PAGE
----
Before parting, he told me there was an old woman who was his age some distance away.
Led by Nkongono, we turned back, moved towards the hills, crossed a stream, scrambled through very dense bush and sure enough, on the fringe of the jungle was a small round hut, quite unprotected, inside of which I saw a small frail white haired lady lying on a mat. She had many sores, her eyes were deep set in her head, her lips were cracked. Her clothing consisted of a string of large pebble beads around her body. Her companion was a young woman. From my 'Red Cross' box I gave ointment, dusting powder, bandages, safety pins and aspirins to the young woman who was a great granddaughter. One of my men boiled some water. I made tea in my pint jug, added sugar and some condensed milk. The dear old lady sipped up the tea, possibly the first sweet tea she had ever tasted. I handed over some tea, sugar cubes and small tins of condensed milk to the great granddaughter, also some money. As there were only dry beans and a little millet in the hut, I promised to provide dried meat, maize flour and other items the following day. I offered a prayer in the hut. By this time other African women had arrived, kneeling outside. Another man took up the prayer when I had finished. He said, 'Lord, hear our prayer for our dear sister, a faithful Christian since missionaries came to our land.' I was glad I met the old lady about to die.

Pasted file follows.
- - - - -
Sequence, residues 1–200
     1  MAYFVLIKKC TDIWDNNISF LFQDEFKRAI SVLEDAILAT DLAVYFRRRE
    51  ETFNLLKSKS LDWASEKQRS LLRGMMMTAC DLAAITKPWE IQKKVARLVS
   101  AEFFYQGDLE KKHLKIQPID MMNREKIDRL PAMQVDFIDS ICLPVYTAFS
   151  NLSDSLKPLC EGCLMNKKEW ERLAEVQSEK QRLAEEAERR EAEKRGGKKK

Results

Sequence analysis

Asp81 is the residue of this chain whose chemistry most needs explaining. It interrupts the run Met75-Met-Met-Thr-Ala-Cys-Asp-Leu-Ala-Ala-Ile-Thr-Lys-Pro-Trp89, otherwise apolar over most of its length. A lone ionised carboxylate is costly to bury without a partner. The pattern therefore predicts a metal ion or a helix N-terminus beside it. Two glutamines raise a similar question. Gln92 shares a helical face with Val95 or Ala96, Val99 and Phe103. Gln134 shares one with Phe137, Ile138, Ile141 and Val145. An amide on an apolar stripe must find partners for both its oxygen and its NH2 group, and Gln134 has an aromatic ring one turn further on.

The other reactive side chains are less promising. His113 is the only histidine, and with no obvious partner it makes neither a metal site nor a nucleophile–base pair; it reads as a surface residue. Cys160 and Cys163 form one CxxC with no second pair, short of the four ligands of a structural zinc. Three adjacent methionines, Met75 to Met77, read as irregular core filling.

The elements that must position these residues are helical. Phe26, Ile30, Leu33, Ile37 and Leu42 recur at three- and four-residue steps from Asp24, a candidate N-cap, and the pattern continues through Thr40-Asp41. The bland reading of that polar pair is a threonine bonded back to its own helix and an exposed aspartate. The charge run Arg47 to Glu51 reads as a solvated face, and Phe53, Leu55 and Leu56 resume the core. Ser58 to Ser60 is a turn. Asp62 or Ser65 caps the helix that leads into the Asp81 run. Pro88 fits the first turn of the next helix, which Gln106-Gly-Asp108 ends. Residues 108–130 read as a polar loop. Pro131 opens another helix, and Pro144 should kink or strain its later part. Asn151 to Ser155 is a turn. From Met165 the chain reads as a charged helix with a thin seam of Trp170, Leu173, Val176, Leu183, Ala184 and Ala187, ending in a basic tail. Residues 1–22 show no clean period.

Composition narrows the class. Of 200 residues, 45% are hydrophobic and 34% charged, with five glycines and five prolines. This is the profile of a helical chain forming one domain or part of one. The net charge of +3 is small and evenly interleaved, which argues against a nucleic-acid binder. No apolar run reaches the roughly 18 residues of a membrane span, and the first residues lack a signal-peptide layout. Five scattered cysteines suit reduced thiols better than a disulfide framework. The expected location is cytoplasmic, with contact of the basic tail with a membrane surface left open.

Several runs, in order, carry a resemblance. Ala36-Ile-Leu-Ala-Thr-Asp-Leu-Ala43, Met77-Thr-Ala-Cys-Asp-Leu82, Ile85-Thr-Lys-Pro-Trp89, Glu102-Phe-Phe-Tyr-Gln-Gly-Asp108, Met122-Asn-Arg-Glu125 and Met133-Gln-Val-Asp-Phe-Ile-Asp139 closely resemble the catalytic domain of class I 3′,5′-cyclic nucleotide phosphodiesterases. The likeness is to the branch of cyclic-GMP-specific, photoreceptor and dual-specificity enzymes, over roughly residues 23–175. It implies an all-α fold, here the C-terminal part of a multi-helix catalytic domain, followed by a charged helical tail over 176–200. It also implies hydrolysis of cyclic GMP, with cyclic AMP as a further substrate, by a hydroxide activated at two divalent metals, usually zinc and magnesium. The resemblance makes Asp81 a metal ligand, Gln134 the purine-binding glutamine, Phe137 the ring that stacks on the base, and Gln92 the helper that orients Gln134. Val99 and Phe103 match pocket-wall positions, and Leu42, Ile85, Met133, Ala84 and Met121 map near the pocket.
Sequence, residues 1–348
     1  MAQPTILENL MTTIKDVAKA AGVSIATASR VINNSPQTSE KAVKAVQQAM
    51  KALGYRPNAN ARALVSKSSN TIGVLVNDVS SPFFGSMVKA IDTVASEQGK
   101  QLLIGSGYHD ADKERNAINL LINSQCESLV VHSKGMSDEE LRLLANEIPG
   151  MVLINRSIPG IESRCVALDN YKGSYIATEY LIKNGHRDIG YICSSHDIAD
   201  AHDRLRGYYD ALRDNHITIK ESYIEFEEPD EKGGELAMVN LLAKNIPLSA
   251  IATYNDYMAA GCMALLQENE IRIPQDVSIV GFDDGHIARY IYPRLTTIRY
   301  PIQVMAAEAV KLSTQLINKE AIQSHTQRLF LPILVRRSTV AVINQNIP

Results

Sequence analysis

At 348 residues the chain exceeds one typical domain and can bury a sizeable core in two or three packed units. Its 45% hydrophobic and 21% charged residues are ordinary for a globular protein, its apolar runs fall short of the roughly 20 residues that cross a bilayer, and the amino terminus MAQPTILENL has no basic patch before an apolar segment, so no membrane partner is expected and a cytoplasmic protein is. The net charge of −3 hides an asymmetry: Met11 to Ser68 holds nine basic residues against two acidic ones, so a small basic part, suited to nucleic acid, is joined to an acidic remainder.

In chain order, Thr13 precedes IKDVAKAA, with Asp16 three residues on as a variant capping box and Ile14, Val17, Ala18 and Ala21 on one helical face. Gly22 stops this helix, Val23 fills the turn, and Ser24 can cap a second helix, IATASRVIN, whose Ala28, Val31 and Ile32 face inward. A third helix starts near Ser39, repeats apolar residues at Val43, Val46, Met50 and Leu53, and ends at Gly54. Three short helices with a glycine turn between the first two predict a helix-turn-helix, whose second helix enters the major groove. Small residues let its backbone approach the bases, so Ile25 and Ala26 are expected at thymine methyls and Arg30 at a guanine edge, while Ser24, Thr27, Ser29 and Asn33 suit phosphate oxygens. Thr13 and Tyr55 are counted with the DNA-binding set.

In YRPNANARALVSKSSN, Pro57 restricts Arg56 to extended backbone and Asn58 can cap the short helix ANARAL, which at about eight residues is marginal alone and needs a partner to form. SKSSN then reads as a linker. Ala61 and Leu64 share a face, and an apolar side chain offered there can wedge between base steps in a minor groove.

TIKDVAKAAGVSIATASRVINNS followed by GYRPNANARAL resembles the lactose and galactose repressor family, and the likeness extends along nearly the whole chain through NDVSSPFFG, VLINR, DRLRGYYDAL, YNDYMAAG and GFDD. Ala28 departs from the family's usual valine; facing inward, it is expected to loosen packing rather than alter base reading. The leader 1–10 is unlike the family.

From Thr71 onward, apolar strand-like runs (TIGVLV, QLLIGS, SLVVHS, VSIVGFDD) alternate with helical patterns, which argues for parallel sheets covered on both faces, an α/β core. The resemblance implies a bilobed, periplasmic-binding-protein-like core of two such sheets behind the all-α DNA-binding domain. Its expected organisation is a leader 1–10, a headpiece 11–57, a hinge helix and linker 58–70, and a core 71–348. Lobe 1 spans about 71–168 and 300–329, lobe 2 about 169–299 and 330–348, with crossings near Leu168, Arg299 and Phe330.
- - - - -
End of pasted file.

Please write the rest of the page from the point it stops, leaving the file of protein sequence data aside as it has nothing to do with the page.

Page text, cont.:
Her son, who had arrived leaning on the arm of another African, told me his father was once a collector of slaves for Arab traders. Each pebble around his mother's body represented many slaves his father had sold many many moons ago before missionaries came. He asked me if I would like the pebbles. I said I would.
About a month later the old lady died. The son kept his word. I got the pebbles, but I gave the son 5/-. My wife had to disinfect the 'chuckie' pebbles, boiled them in soda and they are to us a reminder of a grand old African woman and the evil slavery days of long ago.
Nearly one hundred samples of soil were taken in the bush lands we explored. Two students in talks with local Africans took note of the variety of trees and listed a number of wild animals.
Before I left, the tall handsome Nkongono asked me if I would like to meet the witch doctor. I was led, with one half-frightened student, by Nkongono to a hideout in the dense jungle near to an outcrop of rugged rocks. The sorcerer was small and ugly - his hut and surrounds were clean. Everywhere were pots - large and small - and willow baskets hung from trees. In one basket I noted the cast-off skins of snakes. In another an assortment of warthog, hyena and animal teeth. The sorcerer backed as I approached with outstretched hand. My two Africans were about to close in when I said, 'Stay where you are. I need this man as he needs me.'